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Toronto Real Estate Board President’s Column as it appears each Friday in the Toronto Sun’s Resale Homes and Condos section
When it comes to character, you just can’t beat the charm of an older home. Newly constructed homes however, come with their own unique assets, one of the most noteworthy of which is energy efficiency.
From the roof to the foundation, a number of innovative building practices often go into constructing today’s greenest homes.
Roof shingles for example, are now available in recycled materials. Environmentally friendly spray foam insulation, which can help prevent dampness, keep out pollutants and contribute to structural strength, is even partially made with recycled materials.
Roofs, walls and floors can be insulated as well with special structural panels that consist of two layers of board with insulating foam in between them. The forms that are used to mould a home’s poured concrete foundation can now also be found with insulating ability, and barriers that prevent dampness from rising into the foundation can be used at this stage of construction as well. Even exterior cladding is now insulated to offer greater energy efficiency.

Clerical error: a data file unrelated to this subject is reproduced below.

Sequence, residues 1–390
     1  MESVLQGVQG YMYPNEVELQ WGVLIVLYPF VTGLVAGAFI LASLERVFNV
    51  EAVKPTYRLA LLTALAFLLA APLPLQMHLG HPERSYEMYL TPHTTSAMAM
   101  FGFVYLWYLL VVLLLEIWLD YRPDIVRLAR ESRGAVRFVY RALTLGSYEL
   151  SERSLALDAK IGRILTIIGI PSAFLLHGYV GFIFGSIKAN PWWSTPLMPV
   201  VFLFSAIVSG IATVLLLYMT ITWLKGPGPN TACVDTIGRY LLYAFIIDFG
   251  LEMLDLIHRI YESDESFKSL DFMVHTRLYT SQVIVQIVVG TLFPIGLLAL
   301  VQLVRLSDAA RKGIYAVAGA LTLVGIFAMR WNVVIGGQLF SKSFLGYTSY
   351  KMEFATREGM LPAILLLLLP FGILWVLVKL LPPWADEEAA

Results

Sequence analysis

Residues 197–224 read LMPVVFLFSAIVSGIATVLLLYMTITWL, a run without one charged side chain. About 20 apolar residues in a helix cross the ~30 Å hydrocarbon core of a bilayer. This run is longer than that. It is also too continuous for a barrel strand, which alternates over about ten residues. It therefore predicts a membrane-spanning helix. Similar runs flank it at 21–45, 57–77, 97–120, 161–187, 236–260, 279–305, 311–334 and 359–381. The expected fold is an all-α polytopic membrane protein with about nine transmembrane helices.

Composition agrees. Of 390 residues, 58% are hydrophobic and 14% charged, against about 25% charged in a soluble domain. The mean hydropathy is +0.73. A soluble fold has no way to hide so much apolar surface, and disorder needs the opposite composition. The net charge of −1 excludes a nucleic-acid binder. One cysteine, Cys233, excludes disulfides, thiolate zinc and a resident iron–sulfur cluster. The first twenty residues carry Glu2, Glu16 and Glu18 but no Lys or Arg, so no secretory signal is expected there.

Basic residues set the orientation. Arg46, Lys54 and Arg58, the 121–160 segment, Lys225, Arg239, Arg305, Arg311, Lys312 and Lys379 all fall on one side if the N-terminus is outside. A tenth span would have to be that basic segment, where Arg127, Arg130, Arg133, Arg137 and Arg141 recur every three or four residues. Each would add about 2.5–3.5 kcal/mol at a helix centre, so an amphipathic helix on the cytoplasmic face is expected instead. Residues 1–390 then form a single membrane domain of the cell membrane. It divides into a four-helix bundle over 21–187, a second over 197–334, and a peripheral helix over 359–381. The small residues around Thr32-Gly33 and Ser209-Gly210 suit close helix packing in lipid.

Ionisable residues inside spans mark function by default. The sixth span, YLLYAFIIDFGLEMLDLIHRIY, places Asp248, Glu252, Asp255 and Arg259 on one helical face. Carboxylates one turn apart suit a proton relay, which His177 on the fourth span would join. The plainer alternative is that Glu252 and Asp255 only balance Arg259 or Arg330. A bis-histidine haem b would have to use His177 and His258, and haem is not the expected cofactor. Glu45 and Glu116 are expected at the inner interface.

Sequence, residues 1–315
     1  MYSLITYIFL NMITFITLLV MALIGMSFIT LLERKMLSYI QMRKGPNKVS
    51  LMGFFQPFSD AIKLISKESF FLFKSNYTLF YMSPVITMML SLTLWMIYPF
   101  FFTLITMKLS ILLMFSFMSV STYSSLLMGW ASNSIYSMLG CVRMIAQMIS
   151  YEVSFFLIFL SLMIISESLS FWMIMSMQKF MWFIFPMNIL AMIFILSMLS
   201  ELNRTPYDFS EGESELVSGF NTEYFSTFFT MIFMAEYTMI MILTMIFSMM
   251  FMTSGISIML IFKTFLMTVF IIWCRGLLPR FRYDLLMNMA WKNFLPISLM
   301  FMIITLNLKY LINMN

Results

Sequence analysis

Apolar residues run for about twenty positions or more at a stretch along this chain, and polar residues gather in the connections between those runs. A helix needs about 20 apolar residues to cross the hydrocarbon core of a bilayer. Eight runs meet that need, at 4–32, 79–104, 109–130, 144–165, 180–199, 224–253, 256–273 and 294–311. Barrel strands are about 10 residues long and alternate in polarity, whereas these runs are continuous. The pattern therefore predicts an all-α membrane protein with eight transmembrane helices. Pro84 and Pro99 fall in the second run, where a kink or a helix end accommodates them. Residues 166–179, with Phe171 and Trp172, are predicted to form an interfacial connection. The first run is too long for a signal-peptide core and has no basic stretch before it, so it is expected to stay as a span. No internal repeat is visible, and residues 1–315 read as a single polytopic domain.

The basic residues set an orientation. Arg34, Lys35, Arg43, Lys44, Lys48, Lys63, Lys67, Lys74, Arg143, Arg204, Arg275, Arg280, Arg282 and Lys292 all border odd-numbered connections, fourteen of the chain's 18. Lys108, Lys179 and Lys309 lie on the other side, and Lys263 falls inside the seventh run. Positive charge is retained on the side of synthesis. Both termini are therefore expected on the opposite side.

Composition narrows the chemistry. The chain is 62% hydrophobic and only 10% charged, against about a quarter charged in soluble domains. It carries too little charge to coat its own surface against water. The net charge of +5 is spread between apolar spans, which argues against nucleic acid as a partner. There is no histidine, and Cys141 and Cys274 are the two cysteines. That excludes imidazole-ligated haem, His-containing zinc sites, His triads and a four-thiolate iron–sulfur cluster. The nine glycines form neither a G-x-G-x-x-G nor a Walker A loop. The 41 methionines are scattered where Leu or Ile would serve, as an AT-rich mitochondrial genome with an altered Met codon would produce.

If you prefer an older home though, there are many simple ways to make it more energy efficient and environmentally friendly.
Start with an Energy Star programmable thermostat that will save on heating and cooling costs when you’re not home. You can take this approach a step further by investing in a new high efficiency furnace or air conditioner. Adding insulation to the attic of your home will offer reduced energy costs for years to come as well.
A tank-less water heater will also save on energy costs by providing only the amount of heated water that you need rather than maintaining it in a cylinder.
Even making minor changes can have an impact, like choosing energy efficient light bulbs – Compact Fluorescent Lamps (CFLs) are good and Light Emitting Diodes (LEDs) are even better.